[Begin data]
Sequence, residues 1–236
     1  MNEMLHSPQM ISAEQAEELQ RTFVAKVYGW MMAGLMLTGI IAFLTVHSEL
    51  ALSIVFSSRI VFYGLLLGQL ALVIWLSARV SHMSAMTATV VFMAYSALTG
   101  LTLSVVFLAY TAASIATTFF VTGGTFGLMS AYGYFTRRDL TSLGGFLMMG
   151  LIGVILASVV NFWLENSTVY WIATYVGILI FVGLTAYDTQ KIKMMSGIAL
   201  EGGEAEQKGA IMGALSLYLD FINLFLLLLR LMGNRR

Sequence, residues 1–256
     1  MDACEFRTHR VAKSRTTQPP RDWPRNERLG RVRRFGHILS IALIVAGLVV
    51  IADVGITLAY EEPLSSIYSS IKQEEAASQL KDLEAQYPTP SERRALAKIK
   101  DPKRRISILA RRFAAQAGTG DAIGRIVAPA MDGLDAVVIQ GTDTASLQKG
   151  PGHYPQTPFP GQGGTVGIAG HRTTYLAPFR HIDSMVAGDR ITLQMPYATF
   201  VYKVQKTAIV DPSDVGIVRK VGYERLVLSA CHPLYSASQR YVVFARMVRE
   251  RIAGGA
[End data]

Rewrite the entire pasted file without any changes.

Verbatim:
Sequence, residues 1–236
     1  MNEMLHSPQM ISAEQAEELQ RTFVAKVYGW MMAGLMLTGI IAFLTVHSEL
    51  ALSIVFSSRI VFYGLLLGQL ALVIWLSARV SHMSAMTATV VFMAYSALTG
   101  LTLSVVFLAY TAASIATTFF VTGGTFGLMS AYGYFTRRDL TSLGGFLMMG
   151  LIGVILASVV NFWLENSTVY WIATYVGILI FVGLTAYDTQ KIKMMSGIAL
   201  EGGEAEQKGA IMGALSLYLD FINLFLLLLR LMGNRR

Sequence, residues 1–256
     1  MDACEFRTHR VAKSRTTQPP RDWPRNERLG RVRRFGHILS IALIVAGLVV
    51  IADVGITLAY EEPLSSIYSS IKQEEAASQL KDLEAQYPTP SERRALAKIK
   101  DPKRRISILA RRFAAQAGTG DAIGRIVAPA MDGLDAVVIQ GTDTASLQKG
   151  PGHYPQTPFP GQGGTVGIAG HRTTYLAPFR HIDSMVAGDR ITLQMPYATF
   201  VYKVQKTAIV DPSDVGIVRK VGYERLVLSA CHPLYSASQR YVVFARMVRE
   251  RIAGGA